– Breastmilk changes as the day goes on so even though you’re producing less milk, your milk is more nutrient dense.
– Breastmilk changes as your baby gets older, so they don’t need to increase their intake as they get older. Your milk when your baby is 1 month old is different than when your baby is 6 months old.
– When your baby is drinking milk effectively, you can hear them make gulping noises.
– When you “let down” (your milk ejection reflex), your boobs feel tingly and it kinda hurts.
– Both breasts let down when you’re feeding on one side.
– You have multiple let downs when you’re nursing and pumping.
– You have random let downs throughout the day. They can be triggered by looking at a picture of your baby, hearing a baby cry, or for no reason at all!
– You can breastfeed an adopted baby!
– How much you can pump is not indicative of how much milk you’re producing. Your baby is much more effective at removing milk than a pump.
– If you have supply issues or want to produce more milk when you pump, there are many things you can do like pump more often, take More Milk Plus/Fenugreek supplements, or drink Mother’s Milk Tea.
– Getting your period can cause a decrease in milk supply.
– Hormonal birth control can decrease your milk supply.
– Breast size has nothing to do with the amount of milk you can produce. My petite chested friend was a milk factory.
– Bottles shouldn’t be introduced before the first couple weeks of life until breastfeeding patterns are well established so as not to cause nipple confusion. (Olive had many bottles from her first week of life on and has had no problems switching from breast to bottle, but that may not be the case with every baby).
– If you introduce a bottle too late, baby will often reject it and only want to nurse.
– There are many problems women can face while breastfeeding including milk blisters, clogged ducts, mastitis, abcesses, thrush, and staph infections.
– You can take lecithin supplements if you have problems with recurring clogged ducts.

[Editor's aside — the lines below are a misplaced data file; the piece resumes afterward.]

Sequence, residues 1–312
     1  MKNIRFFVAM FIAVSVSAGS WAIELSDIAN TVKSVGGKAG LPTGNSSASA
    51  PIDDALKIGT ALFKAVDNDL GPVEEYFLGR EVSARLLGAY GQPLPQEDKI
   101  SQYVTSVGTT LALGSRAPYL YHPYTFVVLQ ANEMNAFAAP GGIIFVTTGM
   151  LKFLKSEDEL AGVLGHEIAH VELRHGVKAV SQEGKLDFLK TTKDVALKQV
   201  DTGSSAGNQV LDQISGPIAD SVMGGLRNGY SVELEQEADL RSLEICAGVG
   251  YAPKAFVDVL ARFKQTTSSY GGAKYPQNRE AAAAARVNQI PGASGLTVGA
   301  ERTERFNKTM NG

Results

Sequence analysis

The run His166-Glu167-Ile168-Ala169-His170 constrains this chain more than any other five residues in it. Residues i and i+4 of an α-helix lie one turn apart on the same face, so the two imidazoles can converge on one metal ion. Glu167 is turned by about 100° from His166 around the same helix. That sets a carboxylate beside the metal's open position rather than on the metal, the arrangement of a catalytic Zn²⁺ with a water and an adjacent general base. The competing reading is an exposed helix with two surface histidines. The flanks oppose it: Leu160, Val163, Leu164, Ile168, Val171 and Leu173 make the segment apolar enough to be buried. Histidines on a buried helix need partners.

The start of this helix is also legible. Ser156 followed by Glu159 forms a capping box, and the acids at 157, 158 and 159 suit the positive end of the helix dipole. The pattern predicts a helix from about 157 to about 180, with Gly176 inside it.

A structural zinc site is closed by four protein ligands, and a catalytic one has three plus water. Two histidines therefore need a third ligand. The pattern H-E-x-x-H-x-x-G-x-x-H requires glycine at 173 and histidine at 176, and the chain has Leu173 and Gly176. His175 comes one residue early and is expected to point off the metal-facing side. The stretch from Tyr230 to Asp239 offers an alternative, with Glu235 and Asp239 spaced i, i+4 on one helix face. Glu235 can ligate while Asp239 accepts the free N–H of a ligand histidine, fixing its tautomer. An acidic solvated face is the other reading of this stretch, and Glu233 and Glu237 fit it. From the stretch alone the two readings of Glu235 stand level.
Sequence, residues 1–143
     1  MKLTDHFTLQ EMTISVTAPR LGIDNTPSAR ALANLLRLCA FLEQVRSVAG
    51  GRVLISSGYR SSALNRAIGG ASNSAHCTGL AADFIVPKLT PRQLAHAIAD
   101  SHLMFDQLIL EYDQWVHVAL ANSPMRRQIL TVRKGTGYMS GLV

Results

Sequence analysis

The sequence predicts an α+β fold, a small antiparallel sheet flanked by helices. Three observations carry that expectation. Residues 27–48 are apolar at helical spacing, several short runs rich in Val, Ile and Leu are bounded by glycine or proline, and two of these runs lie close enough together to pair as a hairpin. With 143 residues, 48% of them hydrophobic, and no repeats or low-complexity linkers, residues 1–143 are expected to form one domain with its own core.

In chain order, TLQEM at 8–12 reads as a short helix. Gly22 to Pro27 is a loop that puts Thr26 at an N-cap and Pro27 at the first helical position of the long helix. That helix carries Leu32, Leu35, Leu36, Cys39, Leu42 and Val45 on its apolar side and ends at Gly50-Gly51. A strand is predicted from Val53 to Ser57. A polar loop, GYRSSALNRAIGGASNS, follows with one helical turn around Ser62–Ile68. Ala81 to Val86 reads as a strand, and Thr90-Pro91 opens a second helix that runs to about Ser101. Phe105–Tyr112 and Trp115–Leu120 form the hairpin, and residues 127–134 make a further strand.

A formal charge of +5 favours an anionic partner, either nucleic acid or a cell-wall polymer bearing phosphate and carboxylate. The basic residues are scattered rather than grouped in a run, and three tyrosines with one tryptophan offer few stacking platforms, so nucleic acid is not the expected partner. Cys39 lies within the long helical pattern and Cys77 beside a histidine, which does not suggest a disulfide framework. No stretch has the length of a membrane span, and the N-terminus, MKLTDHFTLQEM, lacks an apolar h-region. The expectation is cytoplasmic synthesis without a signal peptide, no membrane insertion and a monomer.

– If you have problems with breastfeeding, you should call a lactation consultant asap. Seriously!
– Breastmilk is very fatty and separates in the fridge. Swirl to mix it. Don’t shake it as that destroys some of breastmilk’s properties.
– Do not microwave breastmilk as it can cause hot spots in the milk.
– Some women have excess lipase in their milk which causes it to taste funny after its been frozen. This can be avoided by heating the milk to scalding (not boiling) before freezing it.
– You can eat anything while you’re breastfeeding unless there is a family history of extreme allergies to a certain food.
– Breastfeeding may reduce your chances of osteoporosis and breast, uterine and ovarian cancer.
– Breastfeeding may increase your child’s IQ, and lower their chance of childhood obesity, ear infections, allergies and asthma.
What crazy, cool, interesting things about breastfeeding have you learned?
Breastfeeding part 4 of 91. Breastfeeding Gear by Guides
2. Unsolicited Breastfeeding Advice for New Moms by breastfeeding
3. Breastfeeding & Breast Health: What I Wish I’d Known Sooner by Mrs. Stroller
4. Things I Didn't Know About Breastfeeding and Breastmilk by Mrs. Bee
5. Breastfeeding: Rocky Beginnings, Part 1 by Mrs. Yoyo
6. Breastfeeding Retrospective by mrs. wagon
7. Boob Supplies by Mrs. Bee
8. Breastfeeding Twins by Mrs. Train
9. The Breastfeeding Routine by Mrs. Bee